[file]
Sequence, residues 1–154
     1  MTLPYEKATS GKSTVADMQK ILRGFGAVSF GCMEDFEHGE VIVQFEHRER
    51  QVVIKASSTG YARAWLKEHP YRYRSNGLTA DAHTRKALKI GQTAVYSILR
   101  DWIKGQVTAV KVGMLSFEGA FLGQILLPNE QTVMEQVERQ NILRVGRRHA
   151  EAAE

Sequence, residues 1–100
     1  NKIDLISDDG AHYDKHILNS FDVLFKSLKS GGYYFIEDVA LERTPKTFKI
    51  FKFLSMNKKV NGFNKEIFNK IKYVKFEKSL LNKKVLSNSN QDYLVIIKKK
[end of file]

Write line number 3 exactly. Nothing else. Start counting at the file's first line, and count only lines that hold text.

    51  QVVIKASSTG YARAWLKEHP YRYRSNGLTA DAHTRKALKI GQTAVYSILR